In the native gardens, the center of the parking lot, and scattered across the sunny meadows, native wildflowers bloom among the Canada Goldenrod and the Queen Anne’s lace. The monarchs seem to be enjoying them. A female sipped nectar from the Purple Coneflower and a male spread his beautiful wings on the Joe-Pye. (The field marks for males are bulges in the veins on their hind wings.) Here’s a sampling:

This slideshow requires JavaScript.

 

A Quarter-sized Creature Dons a Bubble Disguise

One cloudy afternoon, my husband spotted a very small clump of bubbles, green Water Meal  (Wolffia coumbiana) and Duckweed (Lemna minor) moving slowly around the water of the center pond near the dock.

A moving patch of Water Meal, Duckweed and bubbles on the Center Pond caught our eye.

At first only the yellow/green striped head of a tiny Painted Turtle (Chrysemys picta) peeked out of the bubbly mass.

The tiny head of a Painted Turtle emerged from the bubbly greenery floating in the pond.

At last, we could see this tiny creature – a turtle about the size of a quarter – who’d found a nifty disguise to wear while munching on the Water Meal and Duckweed greenery that covers the pond. I’m betting on this little one to survive to adulthood!

A Painted Turtle – about the size of quarter! – brings its head and shell into the sunlight.

Perhaps when this baby gets a little bigger, it can join the Painted Turtles who hang out on this log at the east end of the pond almost every warm day. Last Saturday, this group seemed to be doing a slow motion version of the Hokey-Pokey (“You put your left leg in, you put your left leg out”), except for that one member who is not quite with the program!

Painted Turtle line-up BC
Painted turtles line up on a log

 The Delight is the Details

Western slope of Bear Creek in mid-August

Meadows like the one shown above on the western slope are an eye-full on a summer day. The sweeps of green, yellow and white against a blue sky soothe the spirit like a cool hand on a fevered brow.  Soak it in.  You can feel yourself unwinding.  Then look a little closer.  So much of the delight in nature comes from noticing small things – like the turtle in its bubble disguise, the scarlet cardinal flower shining in a shady wetland, or a parent bird feeding its young on a leafy branch. Like any great work of art, there’s always more to see in nature’s landscapes than what comes quickly to the eye. So perhaps spend a few quiet minutes looking down into the water or into the tall grass. Scan the treetops through your binoculars. The smallest discovery can add just a little more joy to a walk in the park.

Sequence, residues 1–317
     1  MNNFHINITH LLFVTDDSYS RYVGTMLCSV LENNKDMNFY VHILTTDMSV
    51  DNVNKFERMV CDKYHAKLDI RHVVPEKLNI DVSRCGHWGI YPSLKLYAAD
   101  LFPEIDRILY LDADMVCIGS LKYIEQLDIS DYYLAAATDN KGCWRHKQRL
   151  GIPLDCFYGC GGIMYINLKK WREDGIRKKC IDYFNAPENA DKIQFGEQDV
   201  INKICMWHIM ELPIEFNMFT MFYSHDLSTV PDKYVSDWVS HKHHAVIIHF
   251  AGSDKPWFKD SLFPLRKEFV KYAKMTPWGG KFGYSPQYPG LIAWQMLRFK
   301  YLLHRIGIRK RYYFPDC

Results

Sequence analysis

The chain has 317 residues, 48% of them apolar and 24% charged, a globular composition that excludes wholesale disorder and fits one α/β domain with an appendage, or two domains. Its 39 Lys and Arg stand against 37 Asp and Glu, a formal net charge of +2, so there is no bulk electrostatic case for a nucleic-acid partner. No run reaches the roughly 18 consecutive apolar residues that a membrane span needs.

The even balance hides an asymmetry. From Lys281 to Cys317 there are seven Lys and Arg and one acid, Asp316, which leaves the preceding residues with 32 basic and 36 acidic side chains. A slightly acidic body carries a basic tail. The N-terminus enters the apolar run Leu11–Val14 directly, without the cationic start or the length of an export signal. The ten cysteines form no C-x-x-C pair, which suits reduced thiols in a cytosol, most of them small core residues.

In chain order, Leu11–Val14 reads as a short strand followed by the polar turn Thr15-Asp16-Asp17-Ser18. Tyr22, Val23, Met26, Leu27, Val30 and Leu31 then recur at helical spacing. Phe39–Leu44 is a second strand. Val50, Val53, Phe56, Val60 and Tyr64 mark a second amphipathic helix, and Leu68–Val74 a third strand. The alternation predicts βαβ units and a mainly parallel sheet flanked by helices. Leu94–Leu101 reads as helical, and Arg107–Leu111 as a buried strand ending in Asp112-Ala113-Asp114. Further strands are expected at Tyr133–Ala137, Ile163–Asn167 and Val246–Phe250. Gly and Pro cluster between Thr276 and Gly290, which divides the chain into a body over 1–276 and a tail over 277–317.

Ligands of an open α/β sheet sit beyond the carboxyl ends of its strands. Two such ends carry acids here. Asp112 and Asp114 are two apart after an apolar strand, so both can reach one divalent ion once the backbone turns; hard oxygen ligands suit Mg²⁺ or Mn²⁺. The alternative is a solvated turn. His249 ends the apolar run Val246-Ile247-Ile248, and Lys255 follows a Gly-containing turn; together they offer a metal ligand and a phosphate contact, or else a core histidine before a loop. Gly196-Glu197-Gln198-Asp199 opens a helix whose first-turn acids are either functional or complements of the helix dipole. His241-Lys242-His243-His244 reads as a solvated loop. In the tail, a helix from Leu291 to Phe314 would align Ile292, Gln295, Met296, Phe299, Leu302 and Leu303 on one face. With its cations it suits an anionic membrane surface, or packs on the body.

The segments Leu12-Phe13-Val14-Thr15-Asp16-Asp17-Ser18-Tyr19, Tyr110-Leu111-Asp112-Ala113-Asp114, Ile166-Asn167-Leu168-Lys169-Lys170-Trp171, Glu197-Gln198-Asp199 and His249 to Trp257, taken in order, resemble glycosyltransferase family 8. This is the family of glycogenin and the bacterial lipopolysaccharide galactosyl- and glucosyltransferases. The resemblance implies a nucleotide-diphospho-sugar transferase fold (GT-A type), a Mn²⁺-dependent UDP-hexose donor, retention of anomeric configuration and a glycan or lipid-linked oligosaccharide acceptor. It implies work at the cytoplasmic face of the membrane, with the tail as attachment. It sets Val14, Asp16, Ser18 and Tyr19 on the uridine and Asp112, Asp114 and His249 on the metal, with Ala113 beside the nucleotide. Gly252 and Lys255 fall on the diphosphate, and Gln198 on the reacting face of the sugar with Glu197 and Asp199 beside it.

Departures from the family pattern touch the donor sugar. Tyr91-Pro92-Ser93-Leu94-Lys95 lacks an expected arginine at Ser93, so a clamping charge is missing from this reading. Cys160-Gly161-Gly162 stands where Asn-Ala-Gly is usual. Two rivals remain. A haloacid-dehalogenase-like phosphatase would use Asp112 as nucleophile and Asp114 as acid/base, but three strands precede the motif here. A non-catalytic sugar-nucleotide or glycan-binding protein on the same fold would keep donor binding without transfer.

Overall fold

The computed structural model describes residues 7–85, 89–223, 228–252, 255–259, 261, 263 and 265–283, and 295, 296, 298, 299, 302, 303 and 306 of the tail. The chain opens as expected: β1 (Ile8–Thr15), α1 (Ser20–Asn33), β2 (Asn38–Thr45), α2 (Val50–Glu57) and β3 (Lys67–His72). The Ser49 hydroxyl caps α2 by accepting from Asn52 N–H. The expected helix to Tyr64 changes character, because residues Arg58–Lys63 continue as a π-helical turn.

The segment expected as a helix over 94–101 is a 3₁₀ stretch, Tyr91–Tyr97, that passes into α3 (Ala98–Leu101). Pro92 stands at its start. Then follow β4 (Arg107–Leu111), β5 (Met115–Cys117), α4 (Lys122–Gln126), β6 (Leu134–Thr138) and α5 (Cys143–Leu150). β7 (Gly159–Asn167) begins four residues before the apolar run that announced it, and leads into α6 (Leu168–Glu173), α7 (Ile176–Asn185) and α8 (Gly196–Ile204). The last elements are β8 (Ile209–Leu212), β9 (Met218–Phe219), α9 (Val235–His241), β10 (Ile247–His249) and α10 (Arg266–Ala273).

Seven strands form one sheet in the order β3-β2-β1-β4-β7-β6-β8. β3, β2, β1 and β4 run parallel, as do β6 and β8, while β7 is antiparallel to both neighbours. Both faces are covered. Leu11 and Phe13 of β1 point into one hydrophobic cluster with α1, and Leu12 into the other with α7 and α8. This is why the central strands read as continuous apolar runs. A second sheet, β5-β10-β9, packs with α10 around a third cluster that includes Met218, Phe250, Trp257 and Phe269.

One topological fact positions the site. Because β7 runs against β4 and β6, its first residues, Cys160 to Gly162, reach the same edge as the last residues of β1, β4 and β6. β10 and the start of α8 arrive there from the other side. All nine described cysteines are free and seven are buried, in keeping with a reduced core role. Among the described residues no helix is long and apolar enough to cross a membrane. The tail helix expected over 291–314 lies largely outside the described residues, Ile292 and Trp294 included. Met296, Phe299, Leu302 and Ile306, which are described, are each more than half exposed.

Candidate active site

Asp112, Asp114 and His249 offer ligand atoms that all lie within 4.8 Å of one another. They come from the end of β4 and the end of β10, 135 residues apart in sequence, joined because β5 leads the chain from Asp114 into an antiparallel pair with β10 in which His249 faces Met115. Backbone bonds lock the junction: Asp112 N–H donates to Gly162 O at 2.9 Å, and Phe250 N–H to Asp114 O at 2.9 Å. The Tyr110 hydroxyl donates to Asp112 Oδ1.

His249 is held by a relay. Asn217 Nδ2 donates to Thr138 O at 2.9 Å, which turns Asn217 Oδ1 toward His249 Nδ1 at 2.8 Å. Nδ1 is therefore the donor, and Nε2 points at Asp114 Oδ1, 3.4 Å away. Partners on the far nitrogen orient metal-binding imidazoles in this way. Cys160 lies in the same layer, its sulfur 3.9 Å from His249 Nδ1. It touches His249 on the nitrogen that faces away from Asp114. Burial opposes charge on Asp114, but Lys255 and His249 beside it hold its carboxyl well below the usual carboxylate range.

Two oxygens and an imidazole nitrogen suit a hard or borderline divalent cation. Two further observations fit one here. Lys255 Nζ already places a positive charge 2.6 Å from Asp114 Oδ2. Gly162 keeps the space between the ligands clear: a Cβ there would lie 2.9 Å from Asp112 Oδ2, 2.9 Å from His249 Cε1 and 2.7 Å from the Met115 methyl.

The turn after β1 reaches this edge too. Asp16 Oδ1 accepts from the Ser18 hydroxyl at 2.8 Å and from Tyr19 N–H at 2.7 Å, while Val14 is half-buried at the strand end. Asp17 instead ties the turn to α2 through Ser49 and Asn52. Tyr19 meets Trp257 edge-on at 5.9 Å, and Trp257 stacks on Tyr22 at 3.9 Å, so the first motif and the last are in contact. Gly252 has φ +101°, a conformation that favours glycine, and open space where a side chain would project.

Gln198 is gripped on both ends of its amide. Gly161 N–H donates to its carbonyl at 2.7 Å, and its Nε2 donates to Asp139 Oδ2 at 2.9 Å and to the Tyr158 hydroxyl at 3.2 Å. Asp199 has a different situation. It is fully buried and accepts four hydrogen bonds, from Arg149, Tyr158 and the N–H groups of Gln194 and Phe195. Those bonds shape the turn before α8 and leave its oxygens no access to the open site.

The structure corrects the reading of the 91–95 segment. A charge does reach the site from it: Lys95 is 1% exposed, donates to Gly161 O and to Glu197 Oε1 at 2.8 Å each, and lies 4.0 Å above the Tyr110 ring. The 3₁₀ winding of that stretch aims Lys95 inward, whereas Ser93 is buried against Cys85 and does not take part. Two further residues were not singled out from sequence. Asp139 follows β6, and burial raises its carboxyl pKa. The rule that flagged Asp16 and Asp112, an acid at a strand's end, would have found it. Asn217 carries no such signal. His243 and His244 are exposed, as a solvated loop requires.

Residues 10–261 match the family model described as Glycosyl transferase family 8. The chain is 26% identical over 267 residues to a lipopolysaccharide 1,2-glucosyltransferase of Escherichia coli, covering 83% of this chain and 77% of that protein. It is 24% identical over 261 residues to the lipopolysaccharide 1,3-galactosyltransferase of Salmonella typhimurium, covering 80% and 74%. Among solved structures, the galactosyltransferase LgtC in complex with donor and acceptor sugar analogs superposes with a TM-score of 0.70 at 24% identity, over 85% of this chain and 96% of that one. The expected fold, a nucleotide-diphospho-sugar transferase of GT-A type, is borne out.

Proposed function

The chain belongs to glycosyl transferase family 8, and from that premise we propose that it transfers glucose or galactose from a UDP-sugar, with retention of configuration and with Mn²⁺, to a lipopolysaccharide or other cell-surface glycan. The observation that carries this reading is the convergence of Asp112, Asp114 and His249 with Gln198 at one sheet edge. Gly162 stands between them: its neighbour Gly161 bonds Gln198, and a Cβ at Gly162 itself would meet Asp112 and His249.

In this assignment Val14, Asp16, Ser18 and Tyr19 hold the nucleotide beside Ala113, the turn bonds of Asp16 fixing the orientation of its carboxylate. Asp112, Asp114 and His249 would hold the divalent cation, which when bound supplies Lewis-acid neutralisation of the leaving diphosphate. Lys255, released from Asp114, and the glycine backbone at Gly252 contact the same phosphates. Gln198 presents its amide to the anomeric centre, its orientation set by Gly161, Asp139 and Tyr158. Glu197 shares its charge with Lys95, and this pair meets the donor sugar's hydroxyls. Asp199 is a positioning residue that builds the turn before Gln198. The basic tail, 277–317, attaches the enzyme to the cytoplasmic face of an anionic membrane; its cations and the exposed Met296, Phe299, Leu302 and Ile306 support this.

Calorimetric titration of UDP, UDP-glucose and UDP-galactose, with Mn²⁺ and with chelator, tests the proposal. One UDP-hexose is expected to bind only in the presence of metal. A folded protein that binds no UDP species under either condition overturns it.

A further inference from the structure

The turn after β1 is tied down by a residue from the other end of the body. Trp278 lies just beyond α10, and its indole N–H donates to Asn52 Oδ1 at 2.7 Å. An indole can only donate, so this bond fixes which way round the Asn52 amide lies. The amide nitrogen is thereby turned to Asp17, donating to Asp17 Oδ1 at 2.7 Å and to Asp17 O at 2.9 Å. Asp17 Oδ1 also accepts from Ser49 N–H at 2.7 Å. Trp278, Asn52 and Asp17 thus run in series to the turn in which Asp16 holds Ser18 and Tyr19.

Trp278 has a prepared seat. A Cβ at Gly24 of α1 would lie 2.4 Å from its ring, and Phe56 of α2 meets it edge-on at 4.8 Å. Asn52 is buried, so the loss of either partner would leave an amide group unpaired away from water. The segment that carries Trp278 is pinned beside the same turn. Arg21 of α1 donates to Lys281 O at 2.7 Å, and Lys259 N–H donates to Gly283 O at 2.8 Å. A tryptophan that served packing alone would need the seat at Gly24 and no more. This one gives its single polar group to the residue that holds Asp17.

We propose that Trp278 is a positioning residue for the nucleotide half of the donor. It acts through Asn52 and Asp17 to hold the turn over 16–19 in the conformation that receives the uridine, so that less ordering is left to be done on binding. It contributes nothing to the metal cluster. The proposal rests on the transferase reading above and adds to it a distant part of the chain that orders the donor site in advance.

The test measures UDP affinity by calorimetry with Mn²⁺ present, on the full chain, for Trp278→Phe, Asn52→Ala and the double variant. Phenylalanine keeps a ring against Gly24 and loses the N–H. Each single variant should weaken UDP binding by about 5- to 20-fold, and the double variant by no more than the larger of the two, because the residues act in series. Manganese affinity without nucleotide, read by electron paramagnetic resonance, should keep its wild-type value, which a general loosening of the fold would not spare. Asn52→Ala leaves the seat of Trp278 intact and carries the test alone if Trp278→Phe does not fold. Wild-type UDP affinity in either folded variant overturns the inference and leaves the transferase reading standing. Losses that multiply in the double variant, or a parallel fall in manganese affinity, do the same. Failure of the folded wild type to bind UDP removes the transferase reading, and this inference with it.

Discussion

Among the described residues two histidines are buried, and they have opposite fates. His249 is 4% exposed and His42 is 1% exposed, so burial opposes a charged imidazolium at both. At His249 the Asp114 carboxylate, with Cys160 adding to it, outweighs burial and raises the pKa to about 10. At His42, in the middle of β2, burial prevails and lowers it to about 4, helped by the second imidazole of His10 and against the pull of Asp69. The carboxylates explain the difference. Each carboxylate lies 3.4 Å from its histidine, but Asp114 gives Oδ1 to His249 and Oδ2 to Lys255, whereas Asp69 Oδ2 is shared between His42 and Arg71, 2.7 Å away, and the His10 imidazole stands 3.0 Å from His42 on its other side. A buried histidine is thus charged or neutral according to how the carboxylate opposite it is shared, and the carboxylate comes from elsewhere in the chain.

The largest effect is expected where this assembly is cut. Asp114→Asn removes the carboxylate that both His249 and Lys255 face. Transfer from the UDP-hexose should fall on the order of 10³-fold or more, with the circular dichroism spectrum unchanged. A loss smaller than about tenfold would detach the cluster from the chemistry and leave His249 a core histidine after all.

Footnote: My sources for information, besides Oakland Township's Stewardship Manager Ben VanderWeide, are as follows: butterfliesathome.com;Pollinators of Native Plants by Heather Holm; Stokes Nature Guides: A Guide to Bird Behavior Volumes 1-3; Allaboutbirds.org, the website of the Cornell Ornithology Lab at Cornell University; Wikipedia; Herbarium of the University of Michigan at michiganflora.net; various Michigan Field Guides by Stan Tekiela; other sites as cited in the text.

THIS WEEK AT BEAR CREEK: Fall Beauty, Creepy Crawlies and Other Oddities

goldenrod-and-new-england-aster-bc-1
Canada Goldenrod and New England Asters in the Old Fields of Bear Creek
Cam walking into BC
Blog and Photos by Cam Mannino

Bear Creek is busy with autumn. Butterflies sip nectar from late season wildflowers. Bees store up pollen to feed the colony during the winter. Grasses, vines and other plants produce seed heads or berries for next year’s crop, providing food for bird and beast alike. Migrating birds stop by on their way south, eating and resting. Summer’s avian visitors, having raised young here, prepare for departure. Some insects hatch, munch on plants, breed and in turn, become a meal for others. And in moist areas, some life forms emerge that range from just weird-looking to gloriously creepy!